I am a child of Club Med, that notorious 1970s hotel resort chain created by Gilbert Trigano more than six decades ago. Club Med was built on the concept of all-inclusive vacations so appealing to Brits, but for me, apart from providing fond childhood memories, it symbolised the rare business ability to balance innovation and contemporary needs.
When, almost 30 years later, I met the son of the founder of this iconic venture, Serge Trigano, I could not help but inquire about his new venture, Mama Shelter Group. The inquiry taught me much about how Trigano thought about leading in the hotel world.
Mama Shelter is based on family tradition but transformed by an innovative concept. The group opens restaurants and hotels in less favoured neighbourhoods of prominent French and soon European cities. Its ambition is to create a space synonymous with tolerance and sharing – a space where diversity is embraced and celebrated, not stigmatised.
Trigano said: “When you were born and raised into one particular industry, it actually sticks to you – it becomes what you know, what you are
good or great at. That is the hotel industry for me.’’
The group taps into prominent contemporary interests – social justice and community building – and aims to redevelop a sense of local community,
acting as a catalyst for shifting consumer perception, while creating a micro-economy. The flagship hotel – the Mama Shelter Paris – is located in a mixed neighbourhood on the east side of Paris above an abandoned railway station, and has become a trendy place to see and be seen.
Trigano said: “This project was one of those unlikely challenges. We wanted to create a first-class, customer-focused hotel at a reasonable price in – let us put it this way – a difficult location to market.”
Rooted in the Trigano family’s passion for creating community, Mama Shelter is the brainchild of father Serge and sons Jeremie and Benjamin, supported by friends and allies, among them renowned designer Philippe Starck.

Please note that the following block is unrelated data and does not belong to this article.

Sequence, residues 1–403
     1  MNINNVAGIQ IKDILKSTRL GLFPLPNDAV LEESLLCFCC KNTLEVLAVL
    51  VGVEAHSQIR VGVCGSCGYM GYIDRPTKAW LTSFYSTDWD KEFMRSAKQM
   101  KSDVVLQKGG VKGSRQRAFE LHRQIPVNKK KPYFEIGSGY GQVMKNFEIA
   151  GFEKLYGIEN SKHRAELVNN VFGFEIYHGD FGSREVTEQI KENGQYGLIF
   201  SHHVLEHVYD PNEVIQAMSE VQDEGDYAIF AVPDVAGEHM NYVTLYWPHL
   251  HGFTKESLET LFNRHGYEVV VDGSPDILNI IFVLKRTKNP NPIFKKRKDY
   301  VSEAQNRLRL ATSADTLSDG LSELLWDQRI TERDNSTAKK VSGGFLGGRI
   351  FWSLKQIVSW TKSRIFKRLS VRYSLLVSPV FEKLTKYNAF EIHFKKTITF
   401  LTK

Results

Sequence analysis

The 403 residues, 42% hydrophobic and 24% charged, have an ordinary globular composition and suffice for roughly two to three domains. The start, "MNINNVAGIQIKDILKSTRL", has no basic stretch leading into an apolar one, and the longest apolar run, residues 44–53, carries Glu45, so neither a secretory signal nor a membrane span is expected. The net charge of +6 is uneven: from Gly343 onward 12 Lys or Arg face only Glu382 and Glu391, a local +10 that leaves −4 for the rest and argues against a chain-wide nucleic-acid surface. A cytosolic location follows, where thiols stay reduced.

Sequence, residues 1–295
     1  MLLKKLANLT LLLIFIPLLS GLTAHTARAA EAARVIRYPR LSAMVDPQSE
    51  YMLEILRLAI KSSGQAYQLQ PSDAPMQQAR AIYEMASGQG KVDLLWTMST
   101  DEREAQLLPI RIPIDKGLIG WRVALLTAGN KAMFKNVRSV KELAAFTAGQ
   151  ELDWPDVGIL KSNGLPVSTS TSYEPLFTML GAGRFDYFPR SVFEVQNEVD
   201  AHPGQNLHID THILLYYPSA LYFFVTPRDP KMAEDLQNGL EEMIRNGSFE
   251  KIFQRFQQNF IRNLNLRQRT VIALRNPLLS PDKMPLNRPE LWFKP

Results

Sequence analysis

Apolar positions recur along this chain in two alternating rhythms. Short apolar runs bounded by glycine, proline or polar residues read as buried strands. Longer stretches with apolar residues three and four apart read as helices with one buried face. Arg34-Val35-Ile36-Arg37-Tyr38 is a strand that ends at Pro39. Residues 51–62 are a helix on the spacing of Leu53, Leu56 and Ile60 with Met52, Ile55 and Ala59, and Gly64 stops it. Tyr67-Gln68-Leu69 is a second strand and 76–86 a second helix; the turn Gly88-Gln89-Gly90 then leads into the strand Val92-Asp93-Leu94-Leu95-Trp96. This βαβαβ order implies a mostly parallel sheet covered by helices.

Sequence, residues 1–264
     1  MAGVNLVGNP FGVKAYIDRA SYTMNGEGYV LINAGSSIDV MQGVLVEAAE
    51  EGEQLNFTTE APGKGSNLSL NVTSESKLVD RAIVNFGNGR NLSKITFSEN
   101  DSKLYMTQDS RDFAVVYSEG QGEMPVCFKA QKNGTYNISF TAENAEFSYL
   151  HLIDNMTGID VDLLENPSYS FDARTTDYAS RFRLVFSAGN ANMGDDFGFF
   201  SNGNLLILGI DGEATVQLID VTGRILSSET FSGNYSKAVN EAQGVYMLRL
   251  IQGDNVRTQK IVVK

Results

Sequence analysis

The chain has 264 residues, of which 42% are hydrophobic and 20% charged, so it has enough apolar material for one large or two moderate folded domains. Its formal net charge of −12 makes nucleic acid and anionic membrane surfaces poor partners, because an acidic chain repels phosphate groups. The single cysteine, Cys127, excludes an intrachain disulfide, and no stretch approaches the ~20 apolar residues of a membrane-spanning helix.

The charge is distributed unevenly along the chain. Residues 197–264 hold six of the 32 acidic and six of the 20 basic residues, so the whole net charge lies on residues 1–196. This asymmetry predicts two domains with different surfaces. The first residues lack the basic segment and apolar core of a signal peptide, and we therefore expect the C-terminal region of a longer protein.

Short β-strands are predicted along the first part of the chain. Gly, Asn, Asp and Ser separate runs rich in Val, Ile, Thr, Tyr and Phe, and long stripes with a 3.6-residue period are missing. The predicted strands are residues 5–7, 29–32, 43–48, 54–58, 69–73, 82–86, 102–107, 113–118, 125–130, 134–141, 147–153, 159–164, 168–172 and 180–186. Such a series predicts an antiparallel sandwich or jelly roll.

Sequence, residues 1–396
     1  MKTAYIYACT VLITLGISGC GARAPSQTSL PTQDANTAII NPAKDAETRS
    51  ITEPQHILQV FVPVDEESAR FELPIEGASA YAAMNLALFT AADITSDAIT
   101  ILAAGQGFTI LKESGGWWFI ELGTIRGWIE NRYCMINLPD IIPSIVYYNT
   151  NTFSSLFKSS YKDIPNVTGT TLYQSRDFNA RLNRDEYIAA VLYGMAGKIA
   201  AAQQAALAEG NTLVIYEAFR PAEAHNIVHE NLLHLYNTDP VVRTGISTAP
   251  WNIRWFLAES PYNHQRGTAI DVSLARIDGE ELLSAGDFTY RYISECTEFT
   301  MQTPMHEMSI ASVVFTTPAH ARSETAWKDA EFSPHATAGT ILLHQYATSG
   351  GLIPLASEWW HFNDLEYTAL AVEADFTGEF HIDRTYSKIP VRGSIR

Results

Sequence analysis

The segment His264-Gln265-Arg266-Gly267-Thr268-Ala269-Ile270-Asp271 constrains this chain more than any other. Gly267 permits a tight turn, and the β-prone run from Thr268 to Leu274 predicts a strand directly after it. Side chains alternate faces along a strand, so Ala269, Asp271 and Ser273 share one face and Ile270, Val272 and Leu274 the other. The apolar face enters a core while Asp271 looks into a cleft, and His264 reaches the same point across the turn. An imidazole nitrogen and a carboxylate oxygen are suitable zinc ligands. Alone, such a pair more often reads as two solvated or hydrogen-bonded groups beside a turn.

Trigano said: “When you are embarking on, to some extent, such a personal project, you better look for kindred spirits to help and support the journey, and this is what we have managed to do at the Mama.”
I have used my fair share of hotel rooms in my somewhat nomadic life, and the hotel industry’s constant quest for pristine perfection can end up creating stereotypical, sanitised environments. Don’t get me wrong, one has to love the perfection of a Mandarin Oriental or of a W, but the Mama Shelter feels different – more human, the kind of place to kick off your shoes, smile and engage in a conversation with someone at the next table, a place where you can be yourself.
Perhaps it emanates from the architecture, design, use of space, round shapes and dimmed lighting, but it definitely comes from the people who work there.
“You do not need to come with top-notch references to land a job at the Mama,” said Trigano. “What we are looking for is attitude. We want to recruit people who truly enjoy serving others. We are looking for people to demonstrate they have that particular ability to connect with others. We will train them on the technical stuff, but the soil for empathy and desire to serve need to be there inherently.”
This is a new dimension in recruitment and leadership. Find people with this profound desire to serve others and they will take pride in making people feel good and suggest changes in pursuit of excellence.
Trigano added: “We particularly pay attention to creating this feeling of belonging. We are promoting and helping all of them to reach their goal, to the point of being flexible in terms of locations, and net promoters of mobility. We want to push them to open their minds and truly embrace difference. It is a true family spirit that also comes from working with Jeremie and Benjamin every day.”
What is the lesson for entrepreneurs, managers, leaders and future leaders? It is one of humanity. Invest time in getting to know yourself, and invest time observing your world and connecting at the personal level. Dare to care, as in a world that is increasingly technology-driven what makes us human needs to be emphasised and celebrated.
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